Culture and Agriculture
Volunteered - Oral Presentation Session
Startups in agricultural technology (agtech) often borrow business models from other technology sectors but rhetorics from agroecology and environmentalism. Thus many startups exhibit a hybrid nature, seeking to secure venture capital while appealing to consumers via claims regarding environmental sustainability and local production.
At venues ranging from tradeshows and “smart cities” conferences to design workshops at universities and informal meet-ups for eco-conscious hipsters, agtech startups present their imaginaries regarding high-tech farming, their specific hybrid green+capitalist natures. These events constitute experimental performances aimed at investors as well as sometimes-critical publics and competitors. Both successes and failures are showcased, the latter often framed as gifts of education—“compost” to feed future growth—but also improvisations, opportunities to reconfigure into more resilient assemblages.
This paper draws upon fieldwork in New York City to trace how different agtech startups—microalgae farm, software provider targeting home growers, shipping-container farm, and agtech co-working space—perform the business “pivot” or reconfiguration as opportunity during public performances.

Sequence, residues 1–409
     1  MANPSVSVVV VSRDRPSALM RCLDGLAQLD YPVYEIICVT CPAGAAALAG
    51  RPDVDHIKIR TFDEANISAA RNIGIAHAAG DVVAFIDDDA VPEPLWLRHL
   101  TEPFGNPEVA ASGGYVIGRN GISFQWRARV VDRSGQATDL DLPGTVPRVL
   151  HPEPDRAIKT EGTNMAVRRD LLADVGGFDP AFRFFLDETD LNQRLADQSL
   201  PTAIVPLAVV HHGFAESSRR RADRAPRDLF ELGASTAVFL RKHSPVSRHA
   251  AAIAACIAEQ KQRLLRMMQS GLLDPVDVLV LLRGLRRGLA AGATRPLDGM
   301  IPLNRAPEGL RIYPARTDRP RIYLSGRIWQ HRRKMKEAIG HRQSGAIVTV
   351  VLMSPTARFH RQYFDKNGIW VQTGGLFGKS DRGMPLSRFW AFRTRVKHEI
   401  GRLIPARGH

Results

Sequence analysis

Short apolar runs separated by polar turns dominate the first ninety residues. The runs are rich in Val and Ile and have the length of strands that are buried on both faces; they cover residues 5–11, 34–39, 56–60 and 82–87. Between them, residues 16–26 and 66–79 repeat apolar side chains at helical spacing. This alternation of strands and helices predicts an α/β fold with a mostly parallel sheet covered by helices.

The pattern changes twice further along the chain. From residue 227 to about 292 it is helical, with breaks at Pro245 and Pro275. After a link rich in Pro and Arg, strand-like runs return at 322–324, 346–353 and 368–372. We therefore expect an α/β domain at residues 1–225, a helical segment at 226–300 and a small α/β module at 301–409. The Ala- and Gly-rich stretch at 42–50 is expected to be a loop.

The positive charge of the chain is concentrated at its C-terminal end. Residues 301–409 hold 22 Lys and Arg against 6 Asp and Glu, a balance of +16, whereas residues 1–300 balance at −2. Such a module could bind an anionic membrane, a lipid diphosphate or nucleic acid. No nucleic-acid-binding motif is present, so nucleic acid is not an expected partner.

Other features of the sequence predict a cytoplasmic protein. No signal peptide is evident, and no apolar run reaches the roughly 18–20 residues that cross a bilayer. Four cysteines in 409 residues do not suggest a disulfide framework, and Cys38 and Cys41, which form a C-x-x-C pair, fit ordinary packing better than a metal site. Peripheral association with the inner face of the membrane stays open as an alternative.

In these moments, startup farmers position crises—of specific businesses and of land stewardship, biogeological processes, and urban foodsheds—as raw materials out of which green futures should be engineered. While continuous with a longer history of greenwashing and capitalist appropriation, the booming agtech sector’s appeals to ecological and urban–rural crises as self-evident problems that require consumer-driven solutions speaks to a shift in startup culture toward social innovations over purely technical ones. I read the act of pivot-improvising as a moment in which this shift and all of the tensions it provokes become visible.